Wednesday, April 3, 2013, by Agnieszka Zmuda
Most likely wishing this was some kind of April Fools’ joke, Broadcast giants were shocked and disappointed on Monday when the federal appeals court in New York rejected their appeal, ruling in favor of the start-up web-television company, Aereo.
Aereo allows its internet subscriber to stream live TV shows onto their computers, tablets, or smartphones, without compensating the networks. The way Aereo does this is what sets it apart from other streaming companies. By operating a sort of warehouse farm of small antennas that pulls the TV signal from the air, Aereo allows each subscriber to turn whatever device they are using into a mini-TV, minus the giant rabbit ears of yester year. Each internet subscriber pays a fee to leases one Aereo antenna, giving them full control over programming through the Internet. Aereo avoids paying the hefty license fees to the networks, which cable companies pay for access to stations, because they are only giving access to broadcasts that are already free. Streaming is limited to the area in which Aereo operates, but the company is set to expand its service to 22 cities this year.
Last year, just weeks before Aereo’s service was set to be made available in New York, the broadcast giants filed copyright suits in federal court, requesting a preliminary injunction to bar the company from streaming because it lacked the proper license to operate. They argued that providing people with live TV broadcasts qualified as a public performance of a copyrighted work, which requires a licensing fee. Other arguments made included infringement of the right of reproduction and contributory infringement. A district court judge denied this motion.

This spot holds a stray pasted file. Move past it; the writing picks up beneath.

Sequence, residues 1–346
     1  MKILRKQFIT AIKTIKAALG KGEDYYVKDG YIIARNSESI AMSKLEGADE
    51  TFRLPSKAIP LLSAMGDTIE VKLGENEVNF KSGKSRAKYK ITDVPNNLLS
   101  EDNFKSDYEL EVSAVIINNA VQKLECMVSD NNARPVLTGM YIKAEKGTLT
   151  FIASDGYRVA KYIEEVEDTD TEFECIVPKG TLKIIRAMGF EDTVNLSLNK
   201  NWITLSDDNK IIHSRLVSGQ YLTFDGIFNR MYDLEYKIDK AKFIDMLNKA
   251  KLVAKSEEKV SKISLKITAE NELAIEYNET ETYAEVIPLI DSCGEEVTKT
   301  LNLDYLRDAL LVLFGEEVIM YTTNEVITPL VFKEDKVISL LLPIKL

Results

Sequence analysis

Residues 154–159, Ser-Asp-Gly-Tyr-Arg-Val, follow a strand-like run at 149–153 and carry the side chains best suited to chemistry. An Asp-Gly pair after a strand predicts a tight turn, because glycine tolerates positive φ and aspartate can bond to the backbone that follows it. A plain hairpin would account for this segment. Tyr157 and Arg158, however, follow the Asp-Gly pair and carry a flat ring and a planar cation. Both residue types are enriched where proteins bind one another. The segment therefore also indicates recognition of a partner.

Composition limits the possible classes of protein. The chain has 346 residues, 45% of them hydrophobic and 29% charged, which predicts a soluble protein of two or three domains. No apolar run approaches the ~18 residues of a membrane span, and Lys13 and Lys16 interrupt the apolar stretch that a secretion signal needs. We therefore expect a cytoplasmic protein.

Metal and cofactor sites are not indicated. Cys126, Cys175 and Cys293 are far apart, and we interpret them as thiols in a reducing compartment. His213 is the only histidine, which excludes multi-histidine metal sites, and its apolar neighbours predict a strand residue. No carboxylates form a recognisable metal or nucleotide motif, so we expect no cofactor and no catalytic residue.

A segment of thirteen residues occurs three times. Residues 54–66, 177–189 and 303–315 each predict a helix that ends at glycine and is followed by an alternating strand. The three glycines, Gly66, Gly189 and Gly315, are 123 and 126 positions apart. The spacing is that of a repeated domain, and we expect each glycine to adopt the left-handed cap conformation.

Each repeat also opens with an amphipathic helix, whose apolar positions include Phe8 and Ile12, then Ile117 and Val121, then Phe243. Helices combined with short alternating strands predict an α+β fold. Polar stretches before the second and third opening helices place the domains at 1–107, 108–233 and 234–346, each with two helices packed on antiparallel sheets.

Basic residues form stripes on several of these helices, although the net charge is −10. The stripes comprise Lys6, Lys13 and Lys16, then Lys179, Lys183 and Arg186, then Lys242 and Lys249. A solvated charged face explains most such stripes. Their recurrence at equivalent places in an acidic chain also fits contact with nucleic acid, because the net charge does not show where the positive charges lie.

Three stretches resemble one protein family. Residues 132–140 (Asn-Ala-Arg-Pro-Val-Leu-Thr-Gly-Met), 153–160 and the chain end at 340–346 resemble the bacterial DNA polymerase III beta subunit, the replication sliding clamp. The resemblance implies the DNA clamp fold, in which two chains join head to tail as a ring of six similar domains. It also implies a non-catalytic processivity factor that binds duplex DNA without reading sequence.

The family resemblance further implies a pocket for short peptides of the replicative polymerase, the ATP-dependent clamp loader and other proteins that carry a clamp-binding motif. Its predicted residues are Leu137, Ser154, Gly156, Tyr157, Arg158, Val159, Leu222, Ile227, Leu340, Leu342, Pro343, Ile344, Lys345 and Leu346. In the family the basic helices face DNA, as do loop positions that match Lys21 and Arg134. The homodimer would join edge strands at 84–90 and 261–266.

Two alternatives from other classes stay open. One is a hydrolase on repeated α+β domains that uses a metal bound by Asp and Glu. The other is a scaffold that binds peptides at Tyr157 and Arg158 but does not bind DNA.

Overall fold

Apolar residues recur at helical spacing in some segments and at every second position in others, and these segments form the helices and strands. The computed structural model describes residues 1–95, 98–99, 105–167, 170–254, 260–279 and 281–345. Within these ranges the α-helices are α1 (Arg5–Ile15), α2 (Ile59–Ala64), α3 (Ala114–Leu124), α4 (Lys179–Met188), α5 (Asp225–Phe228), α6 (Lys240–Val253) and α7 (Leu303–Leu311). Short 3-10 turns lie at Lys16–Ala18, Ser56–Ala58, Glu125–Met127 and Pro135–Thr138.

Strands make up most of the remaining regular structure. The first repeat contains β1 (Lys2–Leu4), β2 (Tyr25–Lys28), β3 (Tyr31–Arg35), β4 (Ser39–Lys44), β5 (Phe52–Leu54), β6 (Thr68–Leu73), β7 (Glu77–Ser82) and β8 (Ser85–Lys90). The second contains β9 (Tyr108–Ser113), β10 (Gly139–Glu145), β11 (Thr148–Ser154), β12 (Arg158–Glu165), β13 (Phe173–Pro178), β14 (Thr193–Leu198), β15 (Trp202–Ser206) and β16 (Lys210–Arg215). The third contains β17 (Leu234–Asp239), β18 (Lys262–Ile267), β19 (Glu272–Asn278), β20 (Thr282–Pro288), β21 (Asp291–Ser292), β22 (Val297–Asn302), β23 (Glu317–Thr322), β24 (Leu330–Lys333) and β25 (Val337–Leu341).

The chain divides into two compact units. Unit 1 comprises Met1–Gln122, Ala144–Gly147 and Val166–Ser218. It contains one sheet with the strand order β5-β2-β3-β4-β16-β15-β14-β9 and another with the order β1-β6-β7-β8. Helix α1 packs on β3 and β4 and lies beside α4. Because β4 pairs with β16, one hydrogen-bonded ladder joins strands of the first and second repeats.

This is just one step in a long war against the broadcast giants
On Monday, the United States Second Circuit Court of Appeals upheld the lower court ruling in a 2-1 vote, saying that in light of their previous decision in Cablevision, the broadcasters “were unlikely to prevail on the merits” as they could not “materially distinguish” from the recording system used by Cablevision. The majority found that because the “potential audience” of each transmission of TV shows is a single subscriber, the transmission does not constitute a public performance.
The dissent, authored by Judge Chin, viewed that Aereo’s transmissions did constitute a public performance, and therefore was in violation of the Copyright Act. He called their use of thousands of individual antennas, instead of a central one, “a sham.” He further went on to describe Aereo’s antenna system as “a Rube Goldberg-like contrivance, over-engineered in an attempt to avoid the reach of the Copyright Act and to take advantage of a perceived loophole in the law.”
Aereo’s CEO, Chet Kanojia, is excited about winning this round, but understands this is just one step in a long war against the broadcast giants, who are not keen on giving up just yet. If networks don’t win another appeal in front of the full Second Circuit Court, they can try to have their case heard in front of the Supreme Court. Looking to the past, Kanojia knows that if all else fails, the networks will take their doomsday scenarios to Congress.
So consumers who are hoping for an easy cheap alternative to the hefty price tags of the cable companies should keep watch to see how this case develops.